“It is hurtful,” said Father Migeul Gonzalez with the Diocese. “Imagine if they kidnapped somebody and you make a plea for that individual to please return that loved one to the family.”

    Imagine, dear Father Migeul Gonzalez with the Diocese, that you used an argument that actually pertained to the topic at hand! If you want to humanize it, you should be saying “Imagine you gave permission for some man to marry your daughter, but when you found out he wasn’t going to use her, you tried to take her back.” Which is just silly.

    Seriously, religious nuts? Stop. Just stop. Please.

  5. As someone who has actually taken “a cracker” back from someone who hadn’t eaten it, I feel like I should speak up.

    First, I really like everything that joyful_vydra said. Hooray for logic. It’s something that goes out the window in situations like that.

    I’d also like to ask you to remember that if you had your Pasta dinner, you’d be making it up as you went along- there’s no precedent for the body of the Flying Spaghetti Monster. For Catholics, however, we’ve been raised from the moment we had any understanding (before that, really) to believe that this thing is amazing, miraculous, and deserving of huge amounts of respect. It’s the Most Blessed Sacrament, the biggest thing, and the holiest thing on Earth. To you it might me a cracker, but even when it’s unblessed (and really is just a cracker), I have trouble being anything but respectful, just because it’s been so ingrained in my psyche.

    So I’d say that most of the Catholics mentioned in the story (at least the ones at the church who tried to take it back) were reacting from the gut- simply remembering that this thing is what we should respect, but forgetting to respect the person as well. I have no defense for the guy who compares it to a kidnapping.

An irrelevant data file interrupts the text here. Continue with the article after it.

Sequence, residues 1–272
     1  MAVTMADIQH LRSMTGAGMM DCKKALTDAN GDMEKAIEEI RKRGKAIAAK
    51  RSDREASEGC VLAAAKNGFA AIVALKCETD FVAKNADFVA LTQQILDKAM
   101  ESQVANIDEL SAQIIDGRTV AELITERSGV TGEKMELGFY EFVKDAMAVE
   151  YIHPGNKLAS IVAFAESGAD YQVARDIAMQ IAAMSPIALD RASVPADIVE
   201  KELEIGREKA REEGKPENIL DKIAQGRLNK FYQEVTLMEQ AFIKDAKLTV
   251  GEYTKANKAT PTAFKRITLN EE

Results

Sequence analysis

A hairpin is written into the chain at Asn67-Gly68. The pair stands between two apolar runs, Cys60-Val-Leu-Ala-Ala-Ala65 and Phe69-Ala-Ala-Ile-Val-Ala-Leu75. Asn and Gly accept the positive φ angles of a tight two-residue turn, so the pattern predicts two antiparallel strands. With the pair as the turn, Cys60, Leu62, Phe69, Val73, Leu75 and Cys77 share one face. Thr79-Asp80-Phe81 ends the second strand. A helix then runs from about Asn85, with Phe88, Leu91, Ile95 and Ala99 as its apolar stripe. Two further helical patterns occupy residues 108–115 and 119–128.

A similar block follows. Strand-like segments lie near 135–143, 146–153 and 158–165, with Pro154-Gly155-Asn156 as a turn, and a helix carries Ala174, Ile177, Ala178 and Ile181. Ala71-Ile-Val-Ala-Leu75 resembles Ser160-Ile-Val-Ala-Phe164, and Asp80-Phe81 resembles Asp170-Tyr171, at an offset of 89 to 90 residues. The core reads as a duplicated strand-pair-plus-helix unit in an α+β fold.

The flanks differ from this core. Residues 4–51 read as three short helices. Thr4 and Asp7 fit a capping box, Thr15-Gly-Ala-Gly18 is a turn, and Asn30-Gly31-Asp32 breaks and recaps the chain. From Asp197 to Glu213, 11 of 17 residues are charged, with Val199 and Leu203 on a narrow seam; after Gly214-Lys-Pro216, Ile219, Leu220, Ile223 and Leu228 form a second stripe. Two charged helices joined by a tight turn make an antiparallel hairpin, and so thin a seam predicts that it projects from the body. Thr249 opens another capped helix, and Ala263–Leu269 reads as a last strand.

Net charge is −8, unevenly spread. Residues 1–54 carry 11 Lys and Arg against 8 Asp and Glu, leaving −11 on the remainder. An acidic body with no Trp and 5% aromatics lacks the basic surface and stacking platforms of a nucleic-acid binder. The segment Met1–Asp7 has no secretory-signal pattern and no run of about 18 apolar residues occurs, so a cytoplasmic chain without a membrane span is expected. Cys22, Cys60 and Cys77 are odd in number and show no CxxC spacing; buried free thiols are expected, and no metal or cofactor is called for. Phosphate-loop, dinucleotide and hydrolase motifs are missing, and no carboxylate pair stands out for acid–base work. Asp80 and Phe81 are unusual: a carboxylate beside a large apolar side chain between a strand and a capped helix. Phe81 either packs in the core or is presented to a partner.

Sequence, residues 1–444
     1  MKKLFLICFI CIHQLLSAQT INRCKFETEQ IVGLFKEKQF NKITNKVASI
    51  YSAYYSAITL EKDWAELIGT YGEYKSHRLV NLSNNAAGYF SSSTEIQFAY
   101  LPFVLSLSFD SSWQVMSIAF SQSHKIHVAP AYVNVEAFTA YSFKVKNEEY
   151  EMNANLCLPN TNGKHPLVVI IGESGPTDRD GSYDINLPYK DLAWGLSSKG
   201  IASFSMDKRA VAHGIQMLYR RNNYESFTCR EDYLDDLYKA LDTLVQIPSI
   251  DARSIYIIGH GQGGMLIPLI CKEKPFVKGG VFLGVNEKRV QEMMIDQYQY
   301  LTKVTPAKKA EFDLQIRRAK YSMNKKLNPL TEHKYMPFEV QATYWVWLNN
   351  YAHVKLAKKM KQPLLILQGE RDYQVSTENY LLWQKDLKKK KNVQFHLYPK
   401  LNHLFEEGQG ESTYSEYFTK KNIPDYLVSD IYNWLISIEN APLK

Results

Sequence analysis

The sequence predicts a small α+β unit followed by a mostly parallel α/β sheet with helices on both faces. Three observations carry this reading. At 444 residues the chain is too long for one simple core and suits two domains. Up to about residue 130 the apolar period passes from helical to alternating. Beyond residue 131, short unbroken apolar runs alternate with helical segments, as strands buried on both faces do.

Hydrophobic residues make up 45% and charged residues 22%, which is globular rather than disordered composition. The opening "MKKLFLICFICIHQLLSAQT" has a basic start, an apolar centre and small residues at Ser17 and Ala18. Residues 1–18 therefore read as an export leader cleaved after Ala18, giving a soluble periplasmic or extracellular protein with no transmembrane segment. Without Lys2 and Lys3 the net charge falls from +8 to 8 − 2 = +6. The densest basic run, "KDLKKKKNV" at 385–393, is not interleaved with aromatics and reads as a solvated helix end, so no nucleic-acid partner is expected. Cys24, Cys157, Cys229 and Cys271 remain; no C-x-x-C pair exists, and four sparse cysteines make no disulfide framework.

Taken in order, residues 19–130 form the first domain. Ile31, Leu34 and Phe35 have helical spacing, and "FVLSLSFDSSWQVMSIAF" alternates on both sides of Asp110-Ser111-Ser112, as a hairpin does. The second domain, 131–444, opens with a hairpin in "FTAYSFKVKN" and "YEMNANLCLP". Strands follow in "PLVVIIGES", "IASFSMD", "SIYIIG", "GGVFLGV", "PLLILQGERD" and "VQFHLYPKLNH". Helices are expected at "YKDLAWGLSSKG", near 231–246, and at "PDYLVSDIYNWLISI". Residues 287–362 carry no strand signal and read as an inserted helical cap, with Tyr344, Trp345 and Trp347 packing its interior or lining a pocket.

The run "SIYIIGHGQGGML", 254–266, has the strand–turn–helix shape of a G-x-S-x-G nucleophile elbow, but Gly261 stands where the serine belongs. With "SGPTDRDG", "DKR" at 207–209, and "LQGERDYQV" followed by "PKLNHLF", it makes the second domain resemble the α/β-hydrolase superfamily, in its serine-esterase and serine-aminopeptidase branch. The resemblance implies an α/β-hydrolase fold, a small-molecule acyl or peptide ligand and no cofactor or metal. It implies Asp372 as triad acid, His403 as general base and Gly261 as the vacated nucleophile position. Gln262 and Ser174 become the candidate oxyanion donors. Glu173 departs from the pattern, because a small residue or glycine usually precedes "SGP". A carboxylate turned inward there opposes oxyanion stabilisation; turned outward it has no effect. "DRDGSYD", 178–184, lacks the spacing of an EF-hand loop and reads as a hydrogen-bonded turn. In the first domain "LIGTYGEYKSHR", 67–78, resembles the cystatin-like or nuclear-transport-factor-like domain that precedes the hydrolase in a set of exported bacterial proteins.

Mr. Cook needs to have respect as well- his main claim is that he kept it because he was ‘attacked’- but why was he leaving with it in the first place? Would he have consumed it if he hadn’t been attacked?

    And one further thing- the first linked site includes someone in the comments who found and published this guy’s email address. That’s just not cool.

    To clarify, when I took the “cracker”, it was from a little boy who’d put it in his mouth and returned to his seat, them removed it, and began to play with it. As his religion class teacher, I told him to give it to me, and when he did, I ate it myself.

  6. @joyful_vydra:

    Yay for an intelligent analysis. I pretty much agree with everything. One nitpick: I think the assault charge is probably technically correct and might be able to stick (though it shouldn’t). As I recall, the amount of force _legally_ permitted for civilians recovering stolen property is generally around zero. And I don’t think physical harm is usually _required_ to stick an assault charge, though it helps.

    He’s still a d-bag, it’s a ridiculous charge, and I can’t believe he could possibly make such charges with a straight face, and I certainly don’t think they should stick. But it might technically be possible.

  7. People…please try to remember that Catholics believe in transubstantiation (from Wikipedia: Transubstantiation (in Latin, transsubstantiatio) is the change of the substance of bread and wine into the Body and Blood of Christ occurring in the Eucharist). In other words, the physical object is no longer just a wafer, but is actually Christ. ***NOT*** a symbol.

    The cross is a symbol, the consecrated host is the body of God. There’s a huge difference.

    So, in my view, that priest was being very moderate because to me it is worse than a kidnapping to take the consecrated host. A person, as much as we may love them, is a person. And we owe them the respect due to a person. But God is more than a person, and is owed the respect due to such a being. Think of the person you to whom you owed the most being dragged through the mud and being made to sit in a filthy jail–how would you feel? Now try to scale it to how we might feel to have someone who has no respect for God holding Him hostage.

    Also, please remember that historically Christians have been willing to die to protect the consecrated host.